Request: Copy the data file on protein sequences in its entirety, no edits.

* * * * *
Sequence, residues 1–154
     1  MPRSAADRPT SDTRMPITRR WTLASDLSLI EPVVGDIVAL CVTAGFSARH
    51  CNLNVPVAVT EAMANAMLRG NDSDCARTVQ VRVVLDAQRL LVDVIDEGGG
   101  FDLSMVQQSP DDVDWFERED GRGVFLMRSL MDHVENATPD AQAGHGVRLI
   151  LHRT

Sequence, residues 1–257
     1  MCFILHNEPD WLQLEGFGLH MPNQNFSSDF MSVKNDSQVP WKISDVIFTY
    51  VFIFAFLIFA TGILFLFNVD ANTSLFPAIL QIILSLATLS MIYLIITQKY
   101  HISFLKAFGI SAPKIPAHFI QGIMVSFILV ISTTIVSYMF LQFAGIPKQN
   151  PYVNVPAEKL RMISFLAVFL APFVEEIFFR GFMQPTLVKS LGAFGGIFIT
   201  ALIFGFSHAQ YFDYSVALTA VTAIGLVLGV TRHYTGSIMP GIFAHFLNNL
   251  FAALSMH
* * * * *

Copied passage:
Sequence, residues 1–154
     1  MPRSAADRPT SDTRMPITRR WTLASDLSLI EPVVGDIVAL CVTAGFSARH
    51  CNLNVPVAVT EAMANAMLRG NDSDCARTVQ VRVVLDAQRL LVDVIDEGGG
   101  FDLSMVQQSP DDVDWFERED GRGVFLMRSL MDHVENATPD AQAGHGVRLI
   151  LHRT

Sequence, residues 1–257
     1  MCFILHNEPD WLQLEGFGLH MPNQNFSSDF MSVKNDSQVP WKISDVIFTY
    51  VFIFAFLIFA TGILFLFNVD ANTSLFPAIL QIILSLATLS MIYLIITQKY
   101  HISFLKAFGI SAPKIPAHFI QGIMVSFILV ISTTIVSYMF LQFAGIPKQN
   151  PYVNVPAEKL RMISFLAVFL APFVEEIFFR GFMQPTLVKS LGAFGGIFIT
   201  ALIFGFSHAQ YFDYSVALTA VTAIGLVLGV TRHYTGSIMP GIFAHFLNNL
   251  FAALSMH